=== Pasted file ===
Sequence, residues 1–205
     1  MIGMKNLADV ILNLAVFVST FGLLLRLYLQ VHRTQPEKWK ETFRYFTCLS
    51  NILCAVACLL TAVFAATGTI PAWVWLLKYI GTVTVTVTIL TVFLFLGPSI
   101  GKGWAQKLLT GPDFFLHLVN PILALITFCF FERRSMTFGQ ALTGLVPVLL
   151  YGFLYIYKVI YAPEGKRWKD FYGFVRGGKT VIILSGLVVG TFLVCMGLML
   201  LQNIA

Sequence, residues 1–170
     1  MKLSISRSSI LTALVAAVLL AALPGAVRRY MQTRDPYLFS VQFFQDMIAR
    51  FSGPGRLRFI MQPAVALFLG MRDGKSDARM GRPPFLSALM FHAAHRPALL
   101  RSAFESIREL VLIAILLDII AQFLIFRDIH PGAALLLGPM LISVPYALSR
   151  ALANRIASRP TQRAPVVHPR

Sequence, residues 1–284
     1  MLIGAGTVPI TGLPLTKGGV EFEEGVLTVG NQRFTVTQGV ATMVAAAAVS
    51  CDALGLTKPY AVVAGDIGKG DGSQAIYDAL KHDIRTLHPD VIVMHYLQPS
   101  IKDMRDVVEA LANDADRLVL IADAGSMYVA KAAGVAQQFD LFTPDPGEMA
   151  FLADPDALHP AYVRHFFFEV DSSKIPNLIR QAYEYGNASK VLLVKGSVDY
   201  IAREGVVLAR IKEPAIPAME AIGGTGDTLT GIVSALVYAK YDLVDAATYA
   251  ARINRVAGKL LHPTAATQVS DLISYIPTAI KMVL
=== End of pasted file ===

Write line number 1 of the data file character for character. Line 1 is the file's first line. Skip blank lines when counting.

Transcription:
Sequence, residues 1–205